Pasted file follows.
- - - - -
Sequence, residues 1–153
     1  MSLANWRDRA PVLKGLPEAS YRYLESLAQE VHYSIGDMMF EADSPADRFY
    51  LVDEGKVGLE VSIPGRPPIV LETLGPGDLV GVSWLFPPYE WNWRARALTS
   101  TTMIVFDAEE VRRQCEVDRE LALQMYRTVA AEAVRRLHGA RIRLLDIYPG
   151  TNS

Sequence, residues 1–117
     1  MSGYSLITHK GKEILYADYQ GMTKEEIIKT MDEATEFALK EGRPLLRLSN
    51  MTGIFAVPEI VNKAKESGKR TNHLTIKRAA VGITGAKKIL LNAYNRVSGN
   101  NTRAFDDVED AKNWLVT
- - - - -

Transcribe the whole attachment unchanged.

Sequence, residues 1–153
     1  MSLANWRDRA PVLKGLPEAS YRYLESLAQE VHYSIGDMMF EADSPADRFY
    51  LVDEGKVGLE VSIPGRPPIV LETLGPGDLV GVSWLFPPYE WNWRARALTS
   101  TTMIVFDAEE VRRQCEVDRE LALQMYRTVA AEAVRRLHGA RIRLLDIYPG
   151  TNS

Sequence, residues 1–117
     1  MSGYSLITHK GKEILYADYQ GMTKEEIIKT MDEATEFALK EGRPLLRLSN
    51  MTGIFAVPEI VNKAKESGKR TNHLTIKRAA VGITGAKKIL LNAYNRVSGN
   101  NTRAFDDVED AKNWLVT